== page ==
‘Now comes the fun part’

Pendragon, BluSeed artist residents begin displaying, creating public art

SARANAC LAKE — A new Pendragon Theatre and BluSeed Studios artist residency program is now underway. The first free performance through the program is scheduled next month and work on a crowdsourced mural project will kick off in January.

New York City-based artist Sam Balzac, a former resident of the Adirondacks, will present his adaptation of Robert Louis Stevenson’s “The Wrong Box” on Dec. 9 at the Saranac Lake Public Library. Then, in early 2024, ceramic artists Jazen Reuss and Brooke Armstrong, of Saranac Lake and Texas, respectively, will start work on their community collaborative ceramic bead mural.

A dozen artists in visual and performing arts, including six from the North Country, are part of this artist residency program. The work is funded by $75,000 from the National Endowment for the Arts’ “Our Town” program and $75,000 from Pendragon Theatre and BluSeed Studios.

Pendragon Managing Director Michael Aguirre said the theater and BluSeed Studios applied for this $75,000 grant two years ago, and after a long process he’s excited to see it starting to come to fruition.

“Now comes the fun part,” he said.

All the art produced with this grant will be free for the public, and he hopes this will be the start of an annual program in Saranac Lake, as part of the grant is seed money for future years.

“The Wrong Box”

Balzac, a performer, composer/lyricist and musician originally hailing from Jay, will be debuting his musical, an adaptation of Robert Louis Stevenson’s “The Wrong Box,” Dec. 9 at the Saranac Lake Public Library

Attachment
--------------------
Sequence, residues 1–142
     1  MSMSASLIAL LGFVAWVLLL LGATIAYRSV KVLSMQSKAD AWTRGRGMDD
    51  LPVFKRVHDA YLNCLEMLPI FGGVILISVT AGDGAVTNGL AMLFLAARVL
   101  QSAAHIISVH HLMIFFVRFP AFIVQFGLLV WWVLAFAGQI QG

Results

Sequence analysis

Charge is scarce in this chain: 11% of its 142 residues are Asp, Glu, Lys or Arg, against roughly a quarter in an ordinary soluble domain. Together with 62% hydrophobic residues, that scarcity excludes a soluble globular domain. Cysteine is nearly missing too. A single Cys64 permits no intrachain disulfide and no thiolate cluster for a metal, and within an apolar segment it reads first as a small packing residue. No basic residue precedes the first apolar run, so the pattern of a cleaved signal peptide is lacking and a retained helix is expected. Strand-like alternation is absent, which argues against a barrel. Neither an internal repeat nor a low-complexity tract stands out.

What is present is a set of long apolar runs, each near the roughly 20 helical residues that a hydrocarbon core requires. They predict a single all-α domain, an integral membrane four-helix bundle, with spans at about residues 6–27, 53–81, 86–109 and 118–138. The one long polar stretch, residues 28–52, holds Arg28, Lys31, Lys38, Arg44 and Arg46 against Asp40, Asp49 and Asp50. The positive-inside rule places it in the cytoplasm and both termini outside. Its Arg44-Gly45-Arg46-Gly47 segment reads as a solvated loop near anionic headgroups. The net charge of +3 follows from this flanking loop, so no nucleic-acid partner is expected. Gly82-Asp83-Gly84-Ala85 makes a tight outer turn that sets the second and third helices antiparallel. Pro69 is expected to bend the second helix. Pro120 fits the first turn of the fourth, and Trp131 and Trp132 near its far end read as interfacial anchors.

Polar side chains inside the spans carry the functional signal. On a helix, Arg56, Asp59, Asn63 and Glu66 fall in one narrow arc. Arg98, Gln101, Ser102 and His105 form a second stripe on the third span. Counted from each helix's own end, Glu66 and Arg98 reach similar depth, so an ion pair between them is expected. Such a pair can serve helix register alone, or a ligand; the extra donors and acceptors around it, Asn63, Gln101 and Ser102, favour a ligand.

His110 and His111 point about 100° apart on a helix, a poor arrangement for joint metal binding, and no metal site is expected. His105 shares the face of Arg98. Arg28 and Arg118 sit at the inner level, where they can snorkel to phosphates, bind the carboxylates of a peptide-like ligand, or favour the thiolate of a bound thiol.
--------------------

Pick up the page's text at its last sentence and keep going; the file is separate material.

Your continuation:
“I’m pleased as punch about the residency program,” Balzac said.

Things fit together perfectly for him. He previously got a grant from the New York State Council on the Arts Support for Artists through the Adirondack Lakes Center for the Arts to write the show. But this grant did not pay for a performance. Being accepted for the residency in Saranac Lake allows him to do that.

Balzac said he’s wanted to adapt something of Stevenson’s for a while because of the famous author’s connection to the area.

While visiting the cottage Stevenson in Saranac Lake, he learned that the author revised “The Wrong Box” with his son, Lloyd Osbourne, here. His parents mentioned there was a movie of it and he watched it straightaway.

“I was like ‘This is hilarious,'” Balzac said. “It’s really right up my alley in terms of humor and absurdity.”

The movie is notably different than the book, he said. His stage adaptation is closer to the book, but blends in aspects of the movie. Balzac said he’s also embellished and added his own mark to the story.

Balzac started in the theater from a very young age, playing “various small children” in Christmas carols his mom would put on in Upper Jay. From there, got involved in community theater, school theater and eventually professional theater at the Depot and Pendragon. His mom taught him how to write lyrics and compose songs in high school.

Balzac said the performance will be put on with collaborators from New York City and professional local actors. He’s bringing up a couple friends from college and Pendragon is providing housing for them.

“We Are Mountain”

Beginning in January 2024, Reuss and Armstrong will bring the public in to work on their mural, “We Are Mountain,” a ceramic bead mural made of hundreds of ceramic beads to be installed at BluSeed Studios.

This will involve a series of public workshops where locals and visitors to town can create their own bead to become part of the larger three-dimensional mural.

“A mountain, made of many layers of sediment, symbolizes the people and parts that make it what it is: strong, solid and lush,” they wrote in a statement.